Advanced Storytelling



Read the following excerpt from the book How to Write a Damn Good Novel, by James N. Frey. (pp. 115–118)


Foreshadowing is not actually conflict, but rather the promise of conflict.

Here's an example of foreshadowing:

Joe got out of bed, ate breakfast, loaded his gun, and set out for town.

This is foreshadowing because the reader thinks, "What's the loaded gun for?" A story question has been raised. Foreshadowing is the art of raising story questions. If the story questions are slight, the reader is mildly interested. If the story questions are great, the reader is gripped. You can slip in foreshadowing artfully, as naturally as breathing. Here is an example:

Susie saw Eddie the first day of class and that night wrote in her diary, "If he doesn't take me to the prom, I'll throw myself off the water tower."

Here is another example:

Joe stopped at the kennel the night after the fight with his neighbor, Emil, over the lawn mower. He asked the kennel owner how much for a pit bull terrier. The kennel man said four hundred dollars. Joe said it might take him some time to raise that kind of money, but he could, if he put his mind to it. That night, full of Kentucky fried chicken and Tennessee sippin' whiskey, sitting on the back porch and listening to an owl hoot in the tree, he came to a decision . . .

You can also foreshadow in the narrative, apart from the actions of the characters:

When Pete got off from work that night, he had no idea any surprise awaited him in his car. In fact, he didn't hear the snake hiss as he started the engine.

Foreshadowing may also be used to get the reader through a particularly dull stretch of narrative. With the writer of genius perhaps there will never be a dull stretch in his story, but with most journeyman writers dull stretches seem inescapable. Say you're writing a novel. In it preparations are being made for a trip, say, and certain significant actions which occur during these preparations will play a large part later; the preparatory actions must be shown even though these actions are not in themselves dramatic. Say cheap rope is purchased and the cheap rope gets the heroes stuck on a ledge on Mount Awesome. The decision to buy the cheap rope is clearly an important one, but it only becomes important later in the story. To interest the reader in the buying of the rope scene, the later disaster may be foreshadoewed. You could begin the scene like this:

When Rudolf went into the store to buy his supplies, he had no idea that he was about to make one of the biggest blunders of his life.

Such a line makes the reader perk up. What could the blunder be? A powerful question has been raised in the reader's mind, and, for the author's purposes, that's good.

A dull stretch may not last for just a scene; it may go on for a chapter or more. Say, as an example, one of your characters, Jeffrey, has a history of emotional problems and toward the end of the story is going to do some wild things, including trying to scalp his future father-in-law with a power mower. However, in the beginning Jeffrey is as sweet as sugar, and responds to trouble by withdrawing sullenly into a shell. You suspect that the sullen Jeffrey will put your readers to sleep. The way to wake them up is to let them in on your secret, that the sweet, seemingly deeply religious, if not out-and-out pious, Jeffrey is a potential homicidal maniac. Now then, how can you foreshadow the coming storm? You could do it in the author's voice, in narrative, as was done in the previous illustration involving the purchase of the rope:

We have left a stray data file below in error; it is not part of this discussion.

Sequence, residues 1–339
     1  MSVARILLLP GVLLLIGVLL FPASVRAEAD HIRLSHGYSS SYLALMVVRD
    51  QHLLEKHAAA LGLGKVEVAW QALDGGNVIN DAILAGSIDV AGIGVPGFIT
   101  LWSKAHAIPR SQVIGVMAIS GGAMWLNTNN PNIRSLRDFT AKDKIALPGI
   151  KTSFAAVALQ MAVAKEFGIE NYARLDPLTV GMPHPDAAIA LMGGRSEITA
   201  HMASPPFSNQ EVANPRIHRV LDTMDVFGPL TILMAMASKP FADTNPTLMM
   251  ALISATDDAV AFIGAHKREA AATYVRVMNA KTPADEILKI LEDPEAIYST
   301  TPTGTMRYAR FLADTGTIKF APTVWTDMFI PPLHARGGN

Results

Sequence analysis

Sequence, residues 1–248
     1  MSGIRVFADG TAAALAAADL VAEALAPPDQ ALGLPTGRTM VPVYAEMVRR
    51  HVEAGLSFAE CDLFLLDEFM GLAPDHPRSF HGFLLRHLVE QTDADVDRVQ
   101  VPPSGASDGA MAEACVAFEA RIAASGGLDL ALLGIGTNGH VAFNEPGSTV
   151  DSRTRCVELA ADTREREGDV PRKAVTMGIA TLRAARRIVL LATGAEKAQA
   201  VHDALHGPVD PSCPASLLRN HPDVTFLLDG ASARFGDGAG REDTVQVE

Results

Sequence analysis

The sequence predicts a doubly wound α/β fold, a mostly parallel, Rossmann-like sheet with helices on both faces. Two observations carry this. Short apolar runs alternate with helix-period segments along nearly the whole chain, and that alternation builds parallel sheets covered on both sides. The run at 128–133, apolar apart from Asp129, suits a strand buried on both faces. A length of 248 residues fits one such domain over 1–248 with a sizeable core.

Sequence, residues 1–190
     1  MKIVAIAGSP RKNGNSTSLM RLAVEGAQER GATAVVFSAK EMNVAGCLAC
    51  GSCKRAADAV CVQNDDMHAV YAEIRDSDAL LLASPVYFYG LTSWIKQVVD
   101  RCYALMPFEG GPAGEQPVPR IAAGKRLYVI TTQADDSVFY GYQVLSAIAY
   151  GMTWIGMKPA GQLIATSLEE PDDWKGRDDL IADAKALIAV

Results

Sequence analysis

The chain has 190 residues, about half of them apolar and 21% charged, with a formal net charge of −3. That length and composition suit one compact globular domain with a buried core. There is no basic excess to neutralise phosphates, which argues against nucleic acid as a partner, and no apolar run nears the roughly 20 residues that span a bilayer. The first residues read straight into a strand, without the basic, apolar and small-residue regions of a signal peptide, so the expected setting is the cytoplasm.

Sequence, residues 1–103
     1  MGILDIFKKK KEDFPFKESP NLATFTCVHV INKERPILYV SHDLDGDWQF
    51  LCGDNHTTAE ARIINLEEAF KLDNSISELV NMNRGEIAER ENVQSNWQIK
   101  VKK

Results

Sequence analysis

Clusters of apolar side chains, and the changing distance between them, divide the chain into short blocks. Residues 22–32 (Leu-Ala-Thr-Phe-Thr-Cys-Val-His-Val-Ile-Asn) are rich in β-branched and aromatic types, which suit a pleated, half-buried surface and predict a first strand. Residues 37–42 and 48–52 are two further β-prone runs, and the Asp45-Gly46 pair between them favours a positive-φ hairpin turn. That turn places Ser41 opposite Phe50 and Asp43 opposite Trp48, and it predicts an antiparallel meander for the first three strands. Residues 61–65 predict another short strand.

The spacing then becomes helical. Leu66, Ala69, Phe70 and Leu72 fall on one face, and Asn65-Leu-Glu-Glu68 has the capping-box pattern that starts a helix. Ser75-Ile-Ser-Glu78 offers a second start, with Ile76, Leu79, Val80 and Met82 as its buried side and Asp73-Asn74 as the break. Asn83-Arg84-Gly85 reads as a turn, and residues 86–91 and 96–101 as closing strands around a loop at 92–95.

Jeffrey was on his way to church when he spotted the house where the little gray dog once lived. The dog he had killed one night in a rage. But that was then, and this was now. Now he kept his rages inside him, locked securely away where, he told himself, they would never get out again.

Another way to foreshadow is to have a character give a warning:

Julie didn't know the old woman standing on the porch when she came home from shopping. The old woman was wrinkled and hunched over, pale as death. Her eyes bulged in their sockets, the pupils opaque as the cold eyes of a dead fish. "Are you the one who is to marry Jeffrey?"

Julie nodded. "Yes. On Saturday."

"You should know that he has the madness in him. It is in the blood." The old woman then turned to walk away.

"Wait!" Julie cried. "How do you know?"

The old woman stopped, cackled, and looked back over her shoulder. "I am kin, and I have the madness in me. That is how I know."

Use your minor characters to foreshadow the actions of the major characters.

You can also foreshadow actions of a major character through his own actions. What a character does under a little stress is very telling about what he might do under a lot of stress. Say he drowns a kitten that annoys him. Or say he digs his fingernails in the palm of his hand so that it bleeds and is momentarily fascinated by the flow of blood. Maybe he screams at someone for crossing in front of his car. That kind of thing. Foreshadowing, remember, is a promise. If the promise is made and not fulfilled you are cheating the reader.


Instruction for the Quiz

Answer the questions.